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Building a Better Composting Toilet
A message from Nick, founder and chief visionary of Throne Composting Toilets
Composting toilets are a popular choice for folks living tiny for many reasons, but they don’t come without their challenges. It seems almost everyone I know who lives in a Tiny House, Skoolie, RV, or Van has a composting toilet and somehow our conversations always come around to “let me tell you about this disgusting thing that happened with my composting toilet!” Yeah, it’s human nature to talk about… human nature. But why do there have to be so many horror stories? At their root, composting toilets are very simple and shouldn’t cause so much misery.
I chose a composting toilet for my Airstream, then my 5th Wheel, and finally for my Tiny House for a few key reasons.
First, the freedom. A composting toilet doesn’t limit you to nasty dump stations, which might not even be open when you get there. Add a fee on top of that and things get annoying real quick.
Second, conserving resources. For nomadic folks, that means less water consumption, which equals longer stretches of boondocking. Now that I’m living stationary, it means that I can actually compost the contents, closing the nutrient cycle and delivering those nutrients back to the soil.
And third, and probably most important: simplicity.
When a composting toilet is done right, there isn’t much to pooping in a bucket.
Or there shouldn’t be. DIY composting toilets keep things simple and easy but many modern “plug-and-play” models have complicated handles and latches and crevices that can never be cleaned and parts that are hard to replace. This brings me to the woes of owning a composting toilet.
If you’ve ever owned a composting toilet or talked to someone who does, you know how hard – or pretty much impossible – it is to properly clean them. It seems like while regular toilets are relatively easy to keep clean, composting toilet manufacturers didn’t put much thought into this topic. There are crevices, seams, and inaccessible areas that come in contact with the organic matter. Nobody wants to invite guests to this, let alone use it on a daily basis. Add to that icky overflowing liquid jug emergencies and liquids getting into the solids bin, and you have one very expensive and nasty piece of equipment.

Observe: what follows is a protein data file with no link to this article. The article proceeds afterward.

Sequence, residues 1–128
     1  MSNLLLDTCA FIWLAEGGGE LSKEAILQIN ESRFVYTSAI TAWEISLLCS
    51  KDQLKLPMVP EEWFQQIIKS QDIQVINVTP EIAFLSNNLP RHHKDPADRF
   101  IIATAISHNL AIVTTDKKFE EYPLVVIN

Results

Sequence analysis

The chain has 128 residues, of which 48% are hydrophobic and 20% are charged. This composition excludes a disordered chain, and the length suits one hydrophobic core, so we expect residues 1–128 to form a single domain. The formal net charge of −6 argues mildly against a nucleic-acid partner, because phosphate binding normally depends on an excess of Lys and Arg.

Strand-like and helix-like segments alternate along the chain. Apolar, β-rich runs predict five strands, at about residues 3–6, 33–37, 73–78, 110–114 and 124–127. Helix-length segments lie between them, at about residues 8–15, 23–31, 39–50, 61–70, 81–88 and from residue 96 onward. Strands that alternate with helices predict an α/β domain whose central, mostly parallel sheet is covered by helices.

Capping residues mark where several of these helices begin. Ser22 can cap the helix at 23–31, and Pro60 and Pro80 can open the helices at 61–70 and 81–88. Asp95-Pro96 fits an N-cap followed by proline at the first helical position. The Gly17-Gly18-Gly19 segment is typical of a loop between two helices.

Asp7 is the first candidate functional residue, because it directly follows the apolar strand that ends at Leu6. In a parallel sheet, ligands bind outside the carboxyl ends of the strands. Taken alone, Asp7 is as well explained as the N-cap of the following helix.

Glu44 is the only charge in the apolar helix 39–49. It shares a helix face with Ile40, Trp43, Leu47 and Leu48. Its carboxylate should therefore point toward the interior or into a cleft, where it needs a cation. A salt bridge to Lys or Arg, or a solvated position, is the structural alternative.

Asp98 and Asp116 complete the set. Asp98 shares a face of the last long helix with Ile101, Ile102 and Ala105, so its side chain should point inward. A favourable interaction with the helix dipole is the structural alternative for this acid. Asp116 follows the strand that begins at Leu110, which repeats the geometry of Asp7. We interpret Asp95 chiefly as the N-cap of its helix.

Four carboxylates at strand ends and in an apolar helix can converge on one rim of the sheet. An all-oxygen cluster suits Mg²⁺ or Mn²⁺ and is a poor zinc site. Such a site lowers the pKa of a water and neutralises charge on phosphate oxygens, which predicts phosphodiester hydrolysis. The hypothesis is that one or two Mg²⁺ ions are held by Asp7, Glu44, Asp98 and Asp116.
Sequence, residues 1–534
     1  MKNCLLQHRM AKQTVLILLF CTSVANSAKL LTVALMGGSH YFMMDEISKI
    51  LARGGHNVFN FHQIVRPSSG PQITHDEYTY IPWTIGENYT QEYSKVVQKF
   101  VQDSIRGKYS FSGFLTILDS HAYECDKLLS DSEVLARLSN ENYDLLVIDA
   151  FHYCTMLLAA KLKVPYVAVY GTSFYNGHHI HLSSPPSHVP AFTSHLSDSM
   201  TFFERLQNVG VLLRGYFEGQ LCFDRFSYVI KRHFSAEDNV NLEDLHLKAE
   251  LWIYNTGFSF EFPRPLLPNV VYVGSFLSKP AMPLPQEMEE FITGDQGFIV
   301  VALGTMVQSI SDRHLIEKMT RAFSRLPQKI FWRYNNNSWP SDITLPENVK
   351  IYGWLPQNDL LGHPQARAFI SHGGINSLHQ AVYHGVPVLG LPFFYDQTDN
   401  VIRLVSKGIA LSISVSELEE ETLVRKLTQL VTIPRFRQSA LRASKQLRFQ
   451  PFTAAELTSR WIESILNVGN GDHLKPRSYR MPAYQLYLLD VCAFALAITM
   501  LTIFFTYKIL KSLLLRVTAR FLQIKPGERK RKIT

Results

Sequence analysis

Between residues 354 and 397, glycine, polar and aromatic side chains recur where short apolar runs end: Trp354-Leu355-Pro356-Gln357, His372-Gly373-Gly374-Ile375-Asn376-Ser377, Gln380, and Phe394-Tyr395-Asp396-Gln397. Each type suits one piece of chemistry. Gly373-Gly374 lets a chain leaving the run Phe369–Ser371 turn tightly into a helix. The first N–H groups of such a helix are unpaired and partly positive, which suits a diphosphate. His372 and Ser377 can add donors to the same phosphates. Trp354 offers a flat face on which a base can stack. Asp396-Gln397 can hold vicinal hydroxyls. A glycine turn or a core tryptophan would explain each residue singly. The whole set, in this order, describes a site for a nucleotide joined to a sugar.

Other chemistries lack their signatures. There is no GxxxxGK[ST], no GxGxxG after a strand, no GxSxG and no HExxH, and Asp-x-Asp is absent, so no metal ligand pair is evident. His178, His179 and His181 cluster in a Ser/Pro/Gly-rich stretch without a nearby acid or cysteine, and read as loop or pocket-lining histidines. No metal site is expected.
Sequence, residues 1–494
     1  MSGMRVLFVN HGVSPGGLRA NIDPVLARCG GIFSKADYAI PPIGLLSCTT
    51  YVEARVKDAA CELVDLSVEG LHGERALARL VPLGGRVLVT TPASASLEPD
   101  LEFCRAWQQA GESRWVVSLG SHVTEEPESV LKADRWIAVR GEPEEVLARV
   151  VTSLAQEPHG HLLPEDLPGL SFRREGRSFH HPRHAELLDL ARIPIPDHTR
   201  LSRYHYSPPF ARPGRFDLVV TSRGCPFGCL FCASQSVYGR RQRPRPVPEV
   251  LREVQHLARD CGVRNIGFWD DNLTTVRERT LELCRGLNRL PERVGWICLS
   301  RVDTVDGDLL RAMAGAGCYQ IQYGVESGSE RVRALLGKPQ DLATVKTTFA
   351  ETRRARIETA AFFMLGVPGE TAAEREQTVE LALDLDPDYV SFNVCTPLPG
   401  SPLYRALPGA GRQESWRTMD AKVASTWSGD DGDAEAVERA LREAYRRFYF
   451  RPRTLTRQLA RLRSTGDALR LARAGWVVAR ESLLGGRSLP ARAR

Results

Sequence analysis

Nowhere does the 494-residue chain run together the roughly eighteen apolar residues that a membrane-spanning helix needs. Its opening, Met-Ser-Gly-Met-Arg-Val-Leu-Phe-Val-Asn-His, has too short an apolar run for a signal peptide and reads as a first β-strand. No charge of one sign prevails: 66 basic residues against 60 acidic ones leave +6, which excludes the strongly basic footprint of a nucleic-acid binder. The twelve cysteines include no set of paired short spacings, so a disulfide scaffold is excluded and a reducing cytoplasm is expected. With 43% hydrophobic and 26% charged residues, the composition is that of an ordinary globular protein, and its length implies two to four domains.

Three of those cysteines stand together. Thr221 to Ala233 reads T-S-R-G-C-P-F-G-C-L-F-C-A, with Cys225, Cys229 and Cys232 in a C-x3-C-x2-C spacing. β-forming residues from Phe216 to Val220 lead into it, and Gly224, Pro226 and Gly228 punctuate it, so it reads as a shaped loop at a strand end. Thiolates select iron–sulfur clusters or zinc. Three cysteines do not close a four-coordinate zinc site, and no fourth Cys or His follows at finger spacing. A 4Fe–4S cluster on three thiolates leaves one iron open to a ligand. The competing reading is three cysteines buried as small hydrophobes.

When building my Airstream, I just didn’t see why I needed to spend $1,000, so I set about building my own, much cheaper composting toilet. All components except for the liquids diverter are readily available at any hardware store for about $100-$200 total. A homemade composting toilet also allowed me to build a smaller layout and design it to fit the aesthetics of my bathroom.
Moving from the Airstream to our 5th Wheel and now to our Tiny House gave me the chance to evaluate my design, see which parts of my design work well, and keep on improving and tweaking the parts that I didn’t like. Now, seven years after starting out with our first composting toilet, I perfected the design – and I want to share it!
In addition to my own R&D, I’ve been working with our team of tiny living and nomadic folks. Every single one of the has been living with composting toilets – from different off-the shelf products to simple buckets, there’s a lot of experience going around.
We compared our diverters, measured liquids and solids openings, funnel depth, and “jewel clearance”. We’ve talked about the different experiences for men, women, and kids and what could be improved. These folks were not shy about telling me what they hated about the toilets they had owned as well as what features they loved and wouldn’t want to be without.
All tiny home and off-grid decisions are unique, and often the best choice is the one you can make or at least customize yourself. I know I’m not the only one who is looking for a composting toilet that is simple, clean, and doesn’t cost you $1,000. Building your own toilet is a great way to achieve just what you want for a fraction of the cost and it’s not difficult! With the Throne Diverter you can improve the performance of your toilet, build an appliance that fits your home, and save money while you’re at it. This is the diverter that I’ve been using and tweaking for the last 5 years. It’s super easy to clean, and is reliable in separating liquids and solids thanks to the deep liquids funnel and large solids opening.
I also created some simple and FREE DIY Toilet Build Plans, so you can get started on building your own composting toilet now. I’ve got a whole team of composting toilet users who are happy to help with any questions or troubleshooting. Trust me, we’ve been there.